Some ideas are best fulfilled with a bit of distance from their subject. In the realm of true-life politics adapted for film, it’s hard to assess when certain topics are appropriate, relevant, or out-of-date. Calls of ‘too soon’ met with recent biopics of George W Bush (W.) and Margaret Thatcher (The Iron Lady). Bush was still in office when W. was released, and the whole project seemed a bit ahead of itself. Legacy is an oft-repeated word where US Presidents are concerned, and while it might be a foregone conclusion for some, Oliver Stone‘s foray into the life of the much-maligned commander-in-chief had no idea of knowing how history will judge the man. The Iron Lady was dismissed by some on the grounds that such a forthright portrait of Thatcher’s growing dementia in her later years was disrespectful, her still being very much alive the main point of contention. What unfortunately takes the wind quite wholly out of Grassroots‘ sails is a feeling of ‘too late.’

Grassroots is based on Zioncheck for President, Phil Campbell’s (here played by Jason Biggs) account of the 2001 Seattle City Council elections. The contest saw activist Grant Cogswell (Joel David Moore) mount a campaign against long-time incumbent Richard McIver (Cedric the Entertainer). Unemployed and unhappy with Seattle’s growing traffic congestion and pollution, Cogswell enlists his recently-fired friend Campbell as his campaign manager in a bid to expand the city’s monorail and shake up a staid and stuffy system.

It’s not a story many people will be familiar with, but there’s a feeling of déjà vu that permeates the constant imagery of a young populace being galvanized in the name of political change. It happened four years ago, but Barack Obama’s 2008 campaign and the untold wave of support extended by America’s young and restless casts a long shadow over the go-getting pluck of Grassroots before it even gets into gear. As widespread voter apathy was challenged by a campaign that shrewdly got to grips with the era of social media, a generation of young adults embraced the idea that they could actually play a part in shaping the future. There were people who saw Obama as a chant and a T-shirt, but most were savvy enough to appropriate Spider-Man‘s power/responsibility mantra and intelligently explain their decision to back him.

Taking place in 2001, the kind of ‘fuck yeah, politics!’ enthusiasm doled out by Grassroots‘ young voters is embarrassing, reminiscent of a kind of baby boomer enlightenment usually remembered with a healthy roll of the eyes. Gyllenhaal can’t muster much else but unbridled zeal for Cogswell’s campaign and the baseless energy it inspires. To that end, Cogswell’s actual policy beyond an idealistic passion for Seattle’s monorail is left unclear. It’s buried under soap-box rhetoric that his baying fans inconceivably recognize as powerful oratory. The closer he gets to unseating McIver, the more Grassroots‘ investment in youthful fervour seems misplaced. Cogswell’s entire character is cobbled together by a few speeches peppered with the kind of jarringly ebullient paroxysms of language that are best confined to music blogs.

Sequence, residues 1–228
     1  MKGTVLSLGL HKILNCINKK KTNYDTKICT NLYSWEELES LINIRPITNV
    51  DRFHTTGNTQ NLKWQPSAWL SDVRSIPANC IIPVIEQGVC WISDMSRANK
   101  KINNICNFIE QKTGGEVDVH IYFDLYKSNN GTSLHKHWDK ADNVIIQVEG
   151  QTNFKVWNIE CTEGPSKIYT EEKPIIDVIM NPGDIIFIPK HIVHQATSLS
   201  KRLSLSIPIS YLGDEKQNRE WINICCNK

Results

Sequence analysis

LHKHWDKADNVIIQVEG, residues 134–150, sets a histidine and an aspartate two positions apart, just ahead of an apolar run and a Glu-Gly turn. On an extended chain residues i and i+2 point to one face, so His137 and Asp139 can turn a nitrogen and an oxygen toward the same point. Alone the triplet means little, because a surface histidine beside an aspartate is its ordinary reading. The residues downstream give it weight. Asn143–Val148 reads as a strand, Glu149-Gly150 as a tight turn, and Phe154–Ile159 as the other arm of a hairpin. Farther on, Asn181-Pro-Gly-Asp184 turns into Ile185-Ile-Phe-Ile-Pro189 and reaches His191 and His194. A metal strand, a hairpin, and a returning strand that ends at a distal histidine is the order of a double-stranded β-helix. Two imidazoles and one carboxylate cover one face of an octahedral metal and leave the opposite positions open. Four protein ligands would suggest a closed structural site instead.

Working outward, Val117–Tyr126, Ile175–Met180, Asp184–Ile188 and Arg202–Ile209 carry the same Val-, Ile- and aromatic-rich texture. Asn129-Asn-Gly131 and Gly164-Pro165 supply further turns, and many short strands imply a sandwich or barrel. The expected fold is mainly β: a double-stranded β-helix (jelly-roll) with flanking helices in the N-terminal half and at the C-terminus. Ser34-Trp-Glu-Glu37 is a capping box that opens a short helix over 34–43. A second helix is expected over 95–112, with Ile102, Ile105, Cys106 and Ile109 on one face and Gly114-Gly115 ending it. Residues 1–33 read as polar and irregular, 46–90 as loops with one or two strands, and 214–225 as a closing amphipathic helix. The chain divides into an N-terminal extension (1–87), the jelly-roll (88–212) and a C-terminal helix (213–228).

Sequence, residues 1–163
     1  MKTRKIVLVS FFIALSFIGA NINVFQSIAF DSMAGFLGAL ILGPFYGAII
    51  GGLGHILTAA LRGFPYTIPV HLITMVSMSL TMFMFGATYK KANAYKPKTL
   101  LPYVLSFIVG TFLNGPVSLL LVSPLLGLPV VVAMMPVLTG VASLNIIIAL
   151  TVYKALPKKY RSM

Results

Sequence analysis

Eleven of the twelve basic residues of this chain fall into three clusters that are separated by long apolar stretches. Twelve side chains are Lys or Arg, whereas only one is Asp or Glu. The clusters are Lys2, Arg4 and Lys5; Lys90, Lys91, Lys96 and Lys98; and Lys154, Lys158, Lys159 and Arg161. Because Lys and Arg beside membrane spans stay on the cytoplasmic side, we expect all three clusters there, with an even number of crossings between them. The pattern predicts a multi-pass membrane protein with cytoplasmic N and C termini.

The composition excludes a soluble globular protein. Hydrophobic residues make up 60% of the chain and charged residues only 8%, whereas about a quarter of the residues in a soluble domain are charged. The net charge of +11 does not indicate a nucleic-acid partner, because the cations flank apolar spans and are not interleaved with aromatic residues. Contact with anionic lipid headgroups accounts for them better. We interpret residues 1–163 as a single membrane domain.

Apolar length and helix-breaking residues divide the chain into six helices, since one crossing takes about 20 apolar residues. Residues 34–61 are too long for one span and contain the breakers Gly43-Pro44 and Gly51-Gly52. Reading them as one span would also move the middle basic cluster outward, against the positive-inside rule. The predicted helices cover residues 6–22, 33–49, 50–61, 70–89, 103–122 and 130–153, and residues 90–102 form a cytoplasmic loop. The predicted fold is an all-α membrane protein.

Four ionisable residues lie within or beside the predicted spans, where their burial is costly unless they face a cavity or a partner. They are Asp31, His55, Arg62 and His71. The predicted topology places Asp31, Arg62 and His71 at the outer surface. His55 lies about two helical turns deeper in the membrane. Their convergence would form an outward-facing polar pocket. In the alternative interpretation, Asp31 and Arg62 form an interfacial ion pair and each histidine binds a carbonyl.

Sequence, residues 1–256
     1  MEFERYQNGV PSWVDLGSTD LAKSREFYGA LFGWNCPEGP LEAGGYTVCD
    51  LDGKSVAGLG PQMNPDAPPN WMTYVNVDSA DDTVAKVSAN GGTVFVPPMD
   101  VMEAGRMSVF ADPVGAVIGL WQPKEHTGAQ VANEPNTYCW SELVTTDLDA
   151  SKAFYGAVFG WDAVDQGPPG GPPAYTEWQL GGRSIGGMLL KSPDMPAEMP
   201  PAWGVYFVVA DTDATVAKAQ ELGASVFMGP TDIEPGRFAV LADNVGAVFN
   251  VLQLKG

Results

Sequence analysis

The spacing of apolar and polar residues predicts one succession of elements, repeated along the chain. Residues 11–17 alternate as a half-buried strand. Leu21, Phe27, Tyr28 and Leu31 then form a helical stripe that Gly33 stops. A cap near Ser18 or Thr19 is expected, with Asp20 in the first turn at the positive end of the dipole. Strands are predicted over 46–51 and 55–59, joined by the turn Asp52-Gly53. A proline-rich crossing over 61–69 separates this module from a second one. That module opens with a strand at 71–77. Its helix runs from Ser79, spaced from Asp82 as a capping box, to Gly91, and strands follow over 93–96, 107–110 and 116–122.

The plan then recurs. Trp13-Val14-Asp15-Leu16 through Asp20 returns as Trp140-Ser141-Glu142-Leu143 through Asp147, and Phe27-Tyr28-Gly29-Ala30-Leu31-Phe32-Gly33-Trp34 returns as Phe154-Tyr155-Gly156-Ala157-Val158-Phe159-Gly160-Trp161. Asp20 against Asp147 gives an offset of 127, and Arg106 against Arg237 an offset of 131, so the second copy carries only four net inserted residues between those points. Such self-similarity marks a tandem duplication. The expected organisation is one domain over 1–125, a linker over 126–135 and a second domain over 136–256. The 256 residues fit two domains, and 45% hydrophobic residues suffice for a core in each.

As Cogswell, Joel David Moore’s performance relates an incessantly whiny brat whose decision to run for a Council seat is more a bizarre stunt than a genuine effort to change the system. Jason Biggs dusts off the old American Pie charm and convincingly defines Campbell as a friend whose involvement is inspired by an unemployed listlessness more than any real belief in Seattle’s needs or Cogswell’s self-righteous anger. Indeed, Campbell manages to get in a bit of wistful self-pity about how much he wishes he had stayed in Memphis. The real-life Cogswell supposedly renounced his life-long attachment to Seattle and moved to Mexico City in 2006.

There’s a sad beauty in Gyllenhaal’s tour through the city. Its permanently overcast skies and distant mountains give Seattle an air of soggy oppression that at least provides an acceptable backdrop for its young population’s disillusionment. Grassroots feels appropriately handmade, and the story is so small it clearly serves as a platform for a wider discussion on fighting an atrophied political system with little more than enthusiastic anger. There are a few moments of wry observation concerning inevitable moments of political expectancy and reality colliding head-on, but gradually Grassroots gets swept up in the process and a little drunk on the vivacity of youth. It might even be rather endearing if its heart wasn’t worn so proudly on its sleeve.

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